The Grampian Orogeny, Midland Valley Terrane, Northern Ireland

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Mitchell, W I (ed.). 2004. The geology of Northern Ireland-our natural foundation. Geological Survey of Northern Ireland, Belfast.

M R Cooper and W I Mitchell

Plate tectonic amalgamation of the Tyrone Igneous Complex on the Laurentian continental margin during the Grampian Orogeny. (P947796)

The presence of Arenig-Llanvirn graptolites in the Tyrone Volcanic Group [1] and the age range of the granitoid suite indicate that the volcanic arc sequence formed in the early Arenig, and was possibly contemporaneous with the ophiolite. These facts, when allied to the field relationships of the three components of the Tyrone Igneous Complex, are convincing evidence for Grampian orogenic collision in mid- to late Arenig times. The ensuing amalgamation of the Tyrone Igneous Complex and Central Inlier on the Laurentian continental margin as shown in (P947796) was relatively rapid. The subsequent subduction of the still active volcanic arc beneath the Laurentian continental margin is thought to have driven the intrusion of the arc-related granitoid intrusives (P947796).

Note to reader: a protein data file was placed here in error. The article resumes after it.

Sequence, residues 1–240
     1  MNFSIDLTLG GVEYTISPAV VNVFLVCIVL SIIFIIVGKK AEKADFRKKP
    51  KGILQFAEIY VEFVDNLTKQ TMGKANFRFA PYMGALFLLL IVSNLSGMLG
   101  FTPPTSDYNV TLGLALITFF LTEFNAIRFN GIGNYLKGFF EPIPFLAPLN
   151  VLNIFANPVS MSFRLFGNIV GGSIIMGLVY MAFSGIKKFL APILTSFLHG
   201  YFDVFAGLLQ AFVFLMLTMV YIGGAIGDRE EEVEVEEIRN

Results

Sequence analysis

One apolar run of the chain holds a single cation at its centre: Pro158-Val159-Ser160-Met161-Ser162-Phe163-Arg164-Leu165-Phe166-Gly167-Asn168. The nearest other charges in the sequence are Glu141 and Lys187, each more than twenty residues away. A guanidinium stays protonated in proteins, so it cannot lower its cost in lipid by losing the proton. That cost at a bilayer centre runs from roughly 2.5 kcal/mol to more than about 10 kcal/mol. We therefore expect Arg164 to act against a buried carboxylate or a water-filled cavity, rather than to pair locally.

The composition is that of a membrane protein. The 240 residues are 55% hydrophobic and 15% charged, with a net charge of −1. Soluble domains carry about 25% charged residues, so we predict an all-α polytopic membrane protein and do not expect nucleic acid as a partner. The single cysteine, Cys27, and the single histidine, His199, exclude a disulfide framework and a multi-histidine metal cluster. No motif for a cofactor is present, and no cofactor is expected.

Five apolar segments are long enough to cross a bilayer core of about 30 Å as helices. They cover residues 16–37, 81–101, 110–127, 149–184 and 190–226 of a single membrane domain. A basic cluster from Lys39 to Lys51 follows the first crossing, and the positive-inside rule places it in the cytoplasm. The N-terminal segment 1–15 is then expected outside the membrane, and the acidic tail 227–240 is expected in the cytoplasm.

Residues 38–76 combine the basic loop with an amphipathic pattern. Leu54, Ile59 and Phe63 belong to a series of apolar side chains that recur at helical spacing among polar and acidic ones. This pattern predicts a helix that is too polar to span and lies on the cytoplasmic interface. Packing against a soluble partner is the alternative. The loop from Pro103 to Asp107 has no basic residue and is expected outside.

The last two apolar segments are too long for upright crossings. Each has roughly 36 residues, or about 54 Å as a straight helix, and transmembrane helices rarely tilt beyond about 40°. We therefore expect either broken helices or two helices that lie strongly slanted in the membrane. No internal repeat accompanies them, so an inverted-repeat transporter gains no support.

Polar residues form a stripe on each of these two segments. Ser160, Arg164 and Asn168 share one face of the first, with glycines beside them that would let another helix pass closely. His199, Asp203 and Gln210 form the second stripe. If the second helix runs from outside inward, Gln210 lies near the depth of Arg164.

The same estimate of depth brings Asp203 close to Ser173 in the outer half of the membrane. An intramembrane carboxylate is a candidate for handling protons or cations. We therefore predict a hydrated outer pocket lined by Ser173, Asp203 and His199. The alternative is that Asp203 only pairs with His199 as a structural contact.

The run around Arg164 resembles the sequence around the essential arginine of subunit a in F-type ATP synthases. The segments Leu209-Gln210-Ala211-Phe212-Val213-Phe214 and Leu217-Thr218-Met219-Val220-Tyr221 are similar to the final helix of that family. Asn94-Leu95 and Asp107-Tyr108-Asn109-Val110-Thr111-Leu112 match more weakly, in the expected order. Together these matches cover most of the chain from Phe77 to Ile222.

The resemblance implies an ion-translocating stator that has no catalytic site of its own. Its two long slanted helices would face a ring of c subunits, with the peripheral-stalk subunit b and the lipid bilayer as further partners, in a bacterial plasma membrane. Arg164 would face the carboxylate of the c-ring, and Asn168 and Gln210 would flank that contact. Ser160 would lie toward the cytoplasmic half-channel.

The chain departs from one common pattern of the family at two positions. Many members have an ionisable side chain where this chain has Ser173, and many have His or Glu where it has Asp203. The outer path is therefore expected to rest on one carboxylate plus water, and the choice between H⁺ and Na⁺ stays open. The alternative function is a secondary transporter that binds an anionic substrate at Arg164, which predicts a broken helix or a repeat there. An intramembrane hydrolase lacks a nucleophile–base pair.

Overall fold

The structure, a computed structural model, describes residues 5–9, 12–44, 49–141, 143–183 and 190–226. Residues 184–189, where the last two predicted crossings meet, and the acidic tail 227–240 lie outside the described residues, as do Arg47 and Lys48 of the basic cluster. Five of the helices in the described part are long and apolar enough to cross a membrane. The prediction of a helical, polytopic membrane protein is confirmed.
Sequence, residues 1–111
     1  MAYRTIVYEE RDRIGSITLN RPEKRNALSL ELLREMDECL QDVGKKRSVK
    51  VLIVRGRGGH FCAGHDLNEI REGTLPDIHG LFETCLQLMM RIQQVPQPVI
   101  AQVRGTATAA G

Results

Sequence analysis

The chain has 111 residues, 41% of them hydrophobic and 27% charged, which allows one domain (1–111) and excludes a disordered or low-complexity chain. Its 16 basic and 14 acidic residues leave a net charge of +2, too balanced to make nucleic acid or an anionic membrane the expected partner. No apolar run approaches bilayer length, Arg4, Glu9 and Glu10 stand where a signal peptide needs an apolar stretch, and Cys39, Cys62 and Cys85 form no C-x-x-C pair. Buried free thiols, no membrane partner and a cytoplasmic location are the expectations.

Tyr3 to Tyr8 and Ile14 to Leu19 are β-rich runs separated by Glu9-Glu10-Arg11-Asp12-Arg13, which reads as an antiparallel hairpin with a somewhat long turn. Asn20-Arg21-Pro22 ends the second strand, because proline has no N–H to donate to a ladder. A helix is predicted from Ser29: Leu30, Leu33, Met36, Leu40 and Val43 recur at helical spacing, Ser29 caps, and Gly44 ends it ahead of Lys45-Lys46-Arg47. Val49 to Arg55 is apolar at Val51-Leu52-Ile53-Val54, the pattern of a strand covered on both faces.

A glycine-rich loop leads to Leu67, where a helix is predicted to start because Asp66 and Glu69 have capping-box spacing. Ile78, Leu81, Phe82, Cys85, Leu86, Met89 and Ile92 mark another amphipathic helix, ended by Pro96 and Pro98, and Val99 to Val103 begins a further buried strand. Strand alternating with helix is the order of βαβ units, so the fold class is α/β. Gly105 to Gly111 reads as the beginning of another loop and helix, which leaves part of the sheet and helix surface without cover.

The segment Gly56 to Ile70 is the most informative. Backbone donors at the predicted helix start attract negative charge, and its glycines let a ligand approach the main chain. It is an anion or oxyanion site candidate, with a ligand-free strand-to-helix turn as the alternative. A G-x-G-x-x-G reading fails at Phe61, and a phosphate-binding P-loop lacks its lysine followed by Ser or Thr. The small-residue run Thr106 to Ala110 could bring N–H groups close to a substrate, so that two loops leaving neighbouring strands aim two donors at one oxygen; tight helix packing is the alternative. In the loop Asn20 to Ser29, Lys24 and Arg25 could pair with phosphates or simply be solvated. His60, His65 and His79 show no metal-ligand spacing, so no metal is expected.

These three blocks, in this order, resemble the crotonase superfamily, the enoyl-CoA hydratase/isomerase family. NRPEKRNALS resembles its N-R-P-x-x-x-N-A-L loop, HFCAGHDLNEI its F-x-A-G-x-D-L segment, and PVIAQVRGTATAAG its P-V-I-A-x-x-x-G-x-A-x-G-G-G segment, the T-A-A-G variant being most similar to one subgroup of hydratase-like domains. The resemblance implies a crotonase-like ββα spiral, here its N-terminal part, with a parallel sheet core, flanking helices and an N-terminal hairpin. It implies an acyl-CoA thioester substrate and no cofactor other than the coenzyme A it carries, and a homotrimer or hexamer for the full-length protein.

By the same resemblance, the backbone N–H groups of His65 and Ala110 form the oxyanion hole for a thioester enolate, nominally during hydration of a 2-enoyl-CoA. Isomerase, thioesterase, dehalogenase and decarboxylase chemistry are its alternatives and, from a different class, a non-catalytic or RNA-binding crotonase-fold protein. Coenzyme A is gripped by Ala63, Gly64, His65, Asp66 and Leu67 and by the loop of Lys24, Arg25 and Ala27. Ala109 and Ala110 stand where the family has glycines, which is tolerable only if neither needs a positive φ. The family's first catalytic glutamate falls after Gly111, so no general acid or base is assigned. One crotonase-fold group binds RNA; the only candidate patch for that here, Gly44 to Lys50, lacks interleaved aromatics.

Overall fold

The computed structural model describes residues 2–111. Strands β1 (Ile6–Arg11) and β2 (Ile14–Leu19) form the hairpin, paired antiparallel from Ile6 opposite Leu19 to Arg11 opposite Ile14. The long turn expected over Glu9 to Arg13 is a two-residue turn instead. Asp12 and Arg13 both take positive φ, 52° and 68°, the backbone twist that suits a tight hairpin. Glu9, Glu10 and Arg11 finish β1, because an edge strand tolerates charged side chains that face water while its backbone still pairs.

Reference

  1. Hutton, D H W, and Holland, C H. 1992. An Arenig-Llanvirn age for the black shales of Slieve Gallion, County Tyrone. Irish Journal of Earth Sciences, 11, 187–89.